Lydia - I just meant I can't get hired at a school that advertises degreed faculty and had gone the private studio route instead. I had a non Suzuki teacher after book 6, then left off at Kabalevsky before college, never even got into the standard repertoire, other than messing around. Focusing on taking my adult playing to the next level (as opposed to being on maintenance mode or declining) hasn't been a priority for various reasons and non audition community orchestra is all I can handle right now.
"15-20 min/day x 2-3 days/week" is the working definition of a low-priority activity.
I have a concern about some of the content of this thread - which says that it's OK for shall we say not highly accomplished teachers to teach younger children and less advanced players, and more accomplishment is required to teach the more accomplished students. The flaw in this reasoning in my view is that at the elementary levels the basics are important, and it might be that the teacher is not highly accomplished because of flaws in their own basics. I think that's true for me - that I would be able to advance further was I not being held back by my own errors or issues with the basics, which to some extent I have to relearn to progress.
My expectation is that someone who is qualified to teach elementary level players is playing with correct technique themselves. I'm fine with a De Beriot #9 level player teaching up through about Suzuki book 3 or 4 *if and only if* that player could play De Beriot #9 in tune and at tempo with a good sound using correct technique (assuming the violinist in question also has good pedagogical skills). If they struggled with the De Beriot, then I would suggest that their true playing level is somewhat lower.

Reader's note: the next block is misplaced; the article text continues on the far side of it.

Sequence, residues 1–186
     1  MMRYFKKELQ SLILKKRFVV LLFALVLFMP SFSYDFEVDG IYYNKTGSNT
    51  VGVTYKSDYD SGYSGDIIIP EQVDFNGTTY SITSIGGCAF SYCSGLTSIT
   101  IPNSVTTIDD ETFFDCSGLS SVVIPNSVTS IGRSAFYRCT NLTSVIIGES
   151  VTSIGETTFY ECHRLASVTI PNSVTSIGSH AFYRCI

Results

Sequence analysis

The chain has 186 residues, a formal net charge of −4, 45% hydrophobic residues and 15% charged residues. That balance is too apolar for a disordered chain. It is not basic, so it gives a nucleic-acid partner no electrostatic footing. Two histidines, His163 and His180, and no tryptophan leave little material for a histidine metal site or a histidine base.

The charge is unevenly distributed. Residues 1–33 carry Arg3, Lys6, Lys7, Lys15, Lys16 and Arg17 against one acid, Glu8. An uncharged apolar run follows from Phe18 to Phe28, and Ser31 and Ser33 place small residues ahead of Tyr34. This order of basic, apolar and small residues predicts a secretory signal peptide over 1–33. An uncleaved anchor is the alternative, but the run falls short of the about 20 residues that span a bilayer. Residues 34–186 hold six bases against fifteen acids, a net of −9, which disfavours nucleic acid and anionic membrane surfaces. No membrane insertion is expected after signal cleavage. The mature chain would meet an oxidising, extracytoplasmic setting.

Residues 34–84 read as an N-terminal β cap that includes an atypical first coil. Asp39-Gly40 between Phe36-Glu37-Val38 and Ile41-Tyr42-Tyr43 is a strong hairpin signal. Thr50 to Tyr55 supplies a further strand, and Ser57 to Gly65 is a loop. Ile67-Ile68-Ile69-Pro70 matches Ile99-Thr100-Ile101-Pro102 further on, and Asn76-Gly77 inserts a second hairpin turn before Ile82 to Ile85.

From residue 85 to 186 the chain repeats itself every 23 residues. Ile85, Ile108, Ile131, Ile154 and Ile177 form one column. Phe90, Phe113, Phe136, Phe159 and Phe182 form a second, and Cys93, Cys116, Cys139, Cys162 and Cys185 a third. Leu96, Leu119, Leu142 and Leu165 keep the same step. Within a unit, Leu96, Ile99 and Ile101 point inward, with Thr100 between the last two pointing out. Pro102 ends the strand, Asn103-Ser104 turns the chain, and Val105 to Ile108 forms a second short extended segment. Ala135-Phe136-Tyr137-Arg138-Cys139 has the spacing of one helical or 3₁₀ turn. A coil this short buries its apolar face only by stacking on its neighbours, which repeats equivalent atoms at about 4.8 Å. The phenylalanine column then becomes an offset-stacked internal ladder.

For comparison, De Beriot #9 (A Minor) appears at RCM grade 9. The Bach A minor (Suzuki book 7) appears at RCM grade 8, and the Mozart D Major K.218 (Suzuki book 10) appears at RCM grade 10, so on that basis, a rough correspondence of De Beriot #9 is with Suzuki level 9.
Suzuki book 9 is Mozart 5 and Suzuki book 10 is Mozart 4.
I am known in my community as a jazz pianist. I have one student. He is learning all kinds of stuff -- some theory, how to dress up "easy piano" arrangements of pop tunes, some improvisation, etc. On the surface, anyone would have said that he
I have never understood why the Suzuki books teach the Mozart concertos in reverse order (5, 4, 3) when the order of difficulty is actually (3, 4, 5).
This thread has made me feel like I really need to learn de beriot #9.
EVERYONE should learn De Beriot #9. haha
Suzuki does not contain Mozart 3, by the way.
I don't know why concertos can't be revisited when a student has matured considerably. Granted, one does not assign Mozart 3 to a student in Book 5. But the idea of waiting to learn something until you can play it like Heifetz after 3 weeks of practice seems a little counterproductive too. I think if you've done Bach A Minor, a few Handel Sonatas, Accolay, and Haydn G Major, then you ought to be able to deal with the first movement of Mozart 3.
De Beriot #9 sounds hard but it is just not that hard for the student who is ready and the teacher who knows how to teach it. It is the most teachable of technique. For that matter, the Franko cadenza contains harder technique than De Beriot.
The last two pieces I performed at student recitals many, many years ago were 1st movement of Mozart 5 with cadenza, and 1st movement of Lalo SE. The Lalo ended up sounding a whole lot better than my Mozart. You need spot-on perfect intonation and excellent bowing for the Mozart, which I did not have. I'm not sure what my teacher intended--the Lalo was the first (and last) romantic "concerto" he'd ever given me. What a relief! (after confidence-crushing Mozart)